As the chart below shows, with the exception of two instances, the 1997 Asian financial crisis and 2013’s “Taper Tantrum,” gold has achieved positive returns during times of equity unrest. It also has a tendency to outperform US Treasuries during these downturns, which many view as another safe haven asset. 

4) But What About Income? 

Gold is not without its faults. One of the main arguments against gold ownership is the lack of a dividend or interest payment and the fact it has little to no industrial production value. 

One of the most famous investors in the world, Warren Buffet, is an outspoken critic of gold ownership for these very reasons. He has been quoted as saying, 

“Gold gets dug out of the ground in Africa, or someplace. Then we melt it down, dig another hole, bury it and pay people to stand around guarding it. It has no utility. Anyone watching from Mars would be scratching their head.” 

…and Mr. Buffett would be correct. Gold has little to no real economic utility, does not generate sustainable cash flow, and does not pay a dividend. 

What it does offer is relative stability and the potential for price appreciation. During turbulent economic times when company cash flows decline and dividends are cut or reduced, gold tends to shine, as investors try to preserve capital and fear the inevitable stimulus measures taken by central banks and/or government could stoke inflation and decrease the purchasing power of their currency.

More recently, financial markets have also been grappling with historically low interest rates, with some countries even experimenting with negative interest rates (i.e. investors paying the government interest, instead of receiving it, when owning government-issued bonds). This has significantly lowered the opportunity cost of owning gold (which pays no interest) versus owning government-issued bonds (which pay interest) as investors look for safety during times of market unease. Gold has been a direct beneficiary as the declining interest rate trend has gained steam, particularly in countries issuing bonds with negative interest rates. Why would an investor choose to pay interest to own a government bond when they could own gold instead, achieving the similar end goal of capital preservation? 

4) What happened to gold with the COVID-19

COVID-19 market pullback in March of 2020, gold suffered sizable declines along with equities. In fact, it suffered its largest weekly decline since 1983 while equities dipped into bear market territory in a record-shattering 20 days. Doesn’t this fly in the face of all the previous arguments for owning gold?

It depends on what you believe. Some have argued that the declines in the price of gold, at the exact same time equities were dropping precipitously, debunks the theory that gold should be viewed as a safe haven asset during times of market turmoil. Especially coupled with the fact that US Treasury bonds and the US dollar remained strong throughout the collapse in equity prices.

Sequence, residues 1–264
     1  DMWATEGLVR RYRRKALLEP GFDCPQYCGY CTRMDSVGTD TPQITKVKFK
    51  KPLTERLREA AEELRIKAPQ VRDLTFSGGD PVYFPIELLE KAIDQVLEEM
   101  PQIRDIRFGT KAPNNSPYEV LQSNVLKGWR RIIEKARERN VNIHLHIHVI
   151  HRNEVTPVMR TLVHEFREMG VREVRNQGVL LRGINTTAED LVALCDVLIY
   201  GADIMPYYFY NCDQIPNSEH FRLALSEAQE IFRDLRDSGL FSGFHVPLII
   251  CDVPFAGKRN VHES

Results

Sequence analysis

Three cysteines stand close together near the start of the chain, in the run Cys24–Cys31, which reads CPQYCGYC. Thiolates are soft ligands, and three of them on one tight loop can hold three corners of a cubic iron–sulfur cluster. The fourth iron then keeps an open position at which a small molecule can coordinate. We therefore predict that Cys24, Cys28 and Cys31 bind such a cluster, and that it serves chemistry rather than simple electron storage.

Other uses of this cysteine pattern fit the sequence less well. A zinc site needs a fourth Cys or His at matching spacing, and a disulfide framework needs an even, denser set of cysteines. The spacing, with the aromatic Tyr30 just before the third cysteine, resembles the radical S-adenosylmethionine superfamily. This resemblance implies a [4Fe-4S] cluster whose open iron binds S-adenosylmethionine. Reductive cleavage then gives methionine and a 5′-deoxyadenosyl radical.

Proponents of gold have argued that the price decline the metal suffered in March, 2020 was due to the rapid shock the US economy experienced as virtually all of us entered lockdown. This forced many investors to raise cash as rapidly as possible, and gold, being a very liquid asset, provided easy access to needed cash. These proponents would challenge that the price of gold acted similarly during the 2008/2009 financial crisis before ultimately touching all-time highs, not too different to what has happened over the last three months. 

By analyzing the above chart, we are able to see that initially gold did maintain its strength as equities began to move lower. As the equity losses accelerated, gold prices declined before beginning a steady march higher prior to the March 23 low in equity prices. This does lend credence to the claim by gold “bulls” that the metal was used as a source of cash by investors during the selloff, and in doing so, helped them limit their losses.

In Summary

While critics may remain unconvinced, it is hard to deny that gold has maintained its luster throughout history as a go-to asset during times of uncertainty. Its ability to provide ballast to a portfolio allows your longer-term financial goals to remain upright and on course. We are by no means advocating that investors transition 100% of their assets into gold. However, we feel that a modest allocation of 3-7% in gold does have a place in a properly diversified investment portfolio. 

How Can We Help? 

At Towerpoint Wealth, we are a legal fiduciary to you, and embrace the professional obligation we have to work in your best interests 100% of the time. If you would like to discuss your circumstances further, we encourage you to call (916-405-9170) or email ( to open an objective dialogue. 

Sacramento Wealth Management Nathan Billigmeier Director of Research and Analytics

Nathan Billigmeier Director of Research and Analytics 

Towerpoint Wealth, LLC is a Registered Investment Adviser. This material is solely for informational purposes. Advisory services are only offered to clients or prospective clients where Towerpoint Wealth, LLC and its representatives are properly licensed or exempt from licensure. Past performance is no guarantee of future returns. Investing involves risk and possible loss of principal capital. No advice may be rendered by Towerpoint Wealth, LLC unless a client service agreement is in place